By Frank Lukwago, New vision/NECJOGHA
Kampala, Uganda – Uganda Prisons Service has stepped up efforts to implement President Yoweri Museveni’s directive to start large scale growing of cotton as a strategy to revamp the textile industry in Uganda.
Dr Johnson Byabashaija, the commissioner general of prisons, said in January 2015, president Museveni gave them a target to grow cotton on 44,000 acres and this is going to be achieved gradually.
“When the president visited Rwimi prison farm where we are planting maize, he directed prisons and army to engage in cotton growing. What was just like a directive turned out to be policy in 2016,” Byabashaija said.
Speaking during the launch of cotton growing at Orom-Tikao Main Prison in Orom sub-county, Kitgum district last week, the commissioner said the policy implementation begun with 261 acres as pilot in 2016.
However, prisons had to partner with the Cotton Development Authority for technical support and in the subsequent year, the cotton acreage increased to 2,369.
Last year, Orom-Tikao had planned 4,600 acres and by the end of 2019/2020 financial year, a total of 5,000 acres will have been planted and the target of 44,000 acres will be achieved by 2025.
“By the 2021, Orom-Tikao alone is expected to have planted cotton on 2,000 and 4,000 acres. And this being a labour intensive activity, more infrastructure will be put in place to boost manpower,” he said.
The prisons boss, however, said once they reach 4,000 acres, they will have to adopt mechanisation, adding that this is already on course.
“We are entering credit financing and it is at various stages of approval and definitely it will end up in cabinet, Byabashaija said.
He also expressed gratitude to the president for making sure that the finance ministry avails them with capital to start the activities.
Mario Obiga Kania, the state minister for internal affairs, said cotton growing in Uganda started in 1953 by the British colonialists.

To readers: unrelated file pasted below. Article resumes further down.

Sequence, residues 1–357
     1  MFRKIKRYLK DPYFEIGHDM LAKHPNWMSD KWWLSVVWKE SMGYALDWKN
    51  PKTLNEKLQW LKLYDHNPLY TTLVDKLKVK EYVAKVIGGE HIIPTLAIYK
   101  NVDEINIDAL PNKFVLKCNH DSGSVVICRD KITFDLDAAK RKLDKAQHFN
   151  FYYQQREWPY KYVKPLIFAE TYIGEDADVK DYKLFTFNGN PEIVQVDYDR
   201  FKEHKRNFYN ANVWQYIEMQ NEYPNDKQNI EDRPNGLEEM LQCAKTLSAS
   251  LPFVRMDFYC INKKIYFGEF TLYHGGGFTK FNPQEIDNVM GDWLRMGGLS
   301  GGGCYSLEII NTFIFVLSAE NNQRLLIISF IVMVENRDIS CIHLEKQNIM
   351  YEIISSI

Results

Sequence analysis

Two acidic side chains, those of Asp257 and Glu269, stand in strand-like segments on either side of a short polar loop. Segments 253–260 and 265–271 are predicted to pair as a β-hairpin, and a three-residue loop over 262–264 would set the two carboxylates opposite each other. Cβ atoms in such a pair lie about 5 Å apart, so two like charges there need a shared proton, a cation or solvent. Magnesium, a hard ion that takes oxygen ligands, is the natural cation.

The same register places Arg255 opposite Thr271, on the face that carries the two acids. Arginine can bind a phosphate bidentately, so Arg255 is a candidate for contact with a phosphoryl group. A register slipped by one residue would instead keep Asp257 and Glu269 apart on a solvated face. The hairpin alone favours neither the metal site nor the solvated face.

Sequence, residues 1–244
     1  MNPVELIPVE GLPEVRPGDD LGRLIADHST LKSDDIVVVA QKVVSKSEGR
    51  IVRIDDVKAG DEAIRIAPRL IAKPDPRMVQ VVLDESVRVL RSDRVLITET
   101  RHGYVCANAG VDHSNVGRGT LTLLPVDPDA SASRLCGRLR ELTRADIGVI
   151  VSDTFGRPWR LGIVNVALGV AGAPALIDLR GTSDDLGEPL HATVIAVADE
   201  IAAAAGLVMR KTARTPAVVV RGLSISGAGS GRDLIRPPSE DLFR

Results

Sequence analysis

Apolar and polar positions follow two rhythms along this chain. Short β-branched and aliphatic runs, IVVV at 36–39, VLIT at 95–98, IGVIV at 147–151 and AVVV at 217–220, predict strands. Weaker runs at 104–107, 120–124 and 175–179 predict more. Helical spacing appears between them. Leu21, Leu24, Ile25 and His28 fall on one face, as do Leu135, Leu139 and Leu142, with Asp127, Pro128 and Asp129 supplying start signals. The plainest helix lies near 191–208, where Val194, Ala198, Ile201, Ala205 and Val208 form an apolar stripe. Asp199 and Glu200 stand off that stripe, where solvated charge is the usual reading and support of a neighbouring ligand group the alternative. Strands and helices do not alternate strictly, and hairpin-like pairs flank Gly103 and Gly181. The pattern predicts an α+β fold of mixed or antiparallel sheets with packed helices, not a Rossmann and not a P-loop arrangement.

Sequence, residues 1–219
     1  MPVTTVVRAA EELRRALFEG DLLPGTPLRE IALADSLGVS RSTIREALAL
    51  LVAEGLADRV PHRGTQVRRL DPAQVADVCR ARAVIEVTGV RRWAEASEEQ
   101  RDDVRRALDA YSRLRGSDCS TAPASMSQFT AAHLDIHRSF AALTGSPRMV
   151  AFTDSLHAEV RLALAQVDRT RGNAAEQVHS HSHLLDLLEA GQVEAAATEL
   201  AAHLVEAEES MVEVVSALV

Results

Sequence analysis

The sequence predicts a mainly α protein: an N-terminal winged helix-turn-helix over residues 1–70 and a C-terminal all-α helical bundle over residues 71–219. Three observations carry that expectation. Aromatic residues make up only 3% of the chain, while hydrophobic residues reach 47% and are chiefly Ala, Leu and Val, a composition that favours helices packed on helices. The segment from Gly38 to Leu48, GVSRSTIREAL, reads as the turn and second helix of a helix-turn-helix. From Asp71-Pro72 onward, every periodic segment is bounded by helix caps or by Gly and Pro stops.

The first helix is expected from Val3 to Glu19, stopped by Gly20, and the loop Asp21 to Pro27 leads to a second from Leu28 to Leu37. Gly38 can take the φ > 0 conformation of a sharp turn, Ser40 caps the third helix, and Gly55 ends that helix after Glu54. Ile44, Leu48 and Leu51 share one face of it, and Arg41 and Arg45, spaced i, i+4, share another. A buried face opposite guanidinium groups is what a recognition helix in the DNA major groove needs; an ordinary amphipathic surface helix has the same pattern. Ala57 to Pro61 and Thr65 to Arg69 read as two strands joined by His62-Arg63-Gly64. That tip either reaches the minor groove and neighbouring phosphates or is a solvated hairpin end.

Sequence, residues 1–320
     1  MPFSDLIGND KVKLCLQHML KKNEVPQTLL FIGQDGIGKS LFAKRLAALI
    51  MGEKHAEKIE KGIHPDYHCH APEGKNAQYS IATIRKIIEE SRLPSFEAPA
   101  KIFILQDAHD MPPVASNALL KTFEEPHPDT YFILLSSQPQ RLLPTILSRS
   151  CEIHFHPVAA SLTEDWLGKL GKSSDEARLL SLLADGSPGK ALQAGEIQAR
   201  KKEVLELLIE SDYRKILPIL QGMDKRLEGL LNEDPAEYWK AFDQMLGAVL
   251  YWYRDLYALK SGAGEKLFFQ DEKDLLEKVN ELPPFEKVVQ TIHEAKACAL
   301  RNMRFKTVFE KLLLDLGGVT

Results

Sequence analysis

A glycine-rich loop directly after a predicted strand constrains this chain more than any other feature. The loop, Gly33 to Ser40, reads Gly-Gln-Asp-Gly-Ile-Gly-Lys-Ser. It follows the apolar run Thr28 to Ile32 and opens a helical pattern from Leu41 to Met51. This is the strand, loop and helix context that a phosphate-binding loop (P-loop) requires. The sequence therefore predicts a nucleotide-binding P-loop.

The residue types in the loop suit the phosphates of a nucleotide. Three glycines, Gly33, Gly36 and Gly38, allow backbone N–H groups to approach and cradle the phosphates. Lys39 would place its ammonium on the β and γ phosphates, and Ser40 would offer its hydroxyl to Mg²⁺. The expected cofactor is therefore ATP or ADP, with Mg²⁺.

By 1970, Uganda was producing 470,000 bales of cotton but this production kept on reducing to only 70,000 by around 2010.
With the fall in prices, it became uneconomical, which has also been compounded by the increase in population, making it hard for households to grow it on large scale.
“These days, households have an average of five children and with about four acres of land. How can you divide this land to grow cotton? It is unprofitable,” Obiga said.
Kania, however, challenged the community to take advantage of the agricultural skills and improve their farming.
“It is not about cotton, it is about research and how you can grow crops and gain more,” he said.
Margaret Orik Obonyo, the regional prisons commander (northern region), said there is need to improve infrastructure by putting up more wards for the prisoners.
Shem Lwanga, the officer in charge of Orom-Tikao main prison, said the facility has only 4300 inmates, but since it was established around 2014, a lot has been achieved in terms of what the community desired.
The Orom-Tikao Main Prison, sitting on 7,200 acres of land, was donated by the community to help them deal with the rampant stray elephants from Kidepo National Park, tse-tse flies and protection from the cattle rustlers.
So far, 500 acres are used for cotton growing and 100 for maize. The cotton produced is taken to Kitgum cotton ginnery.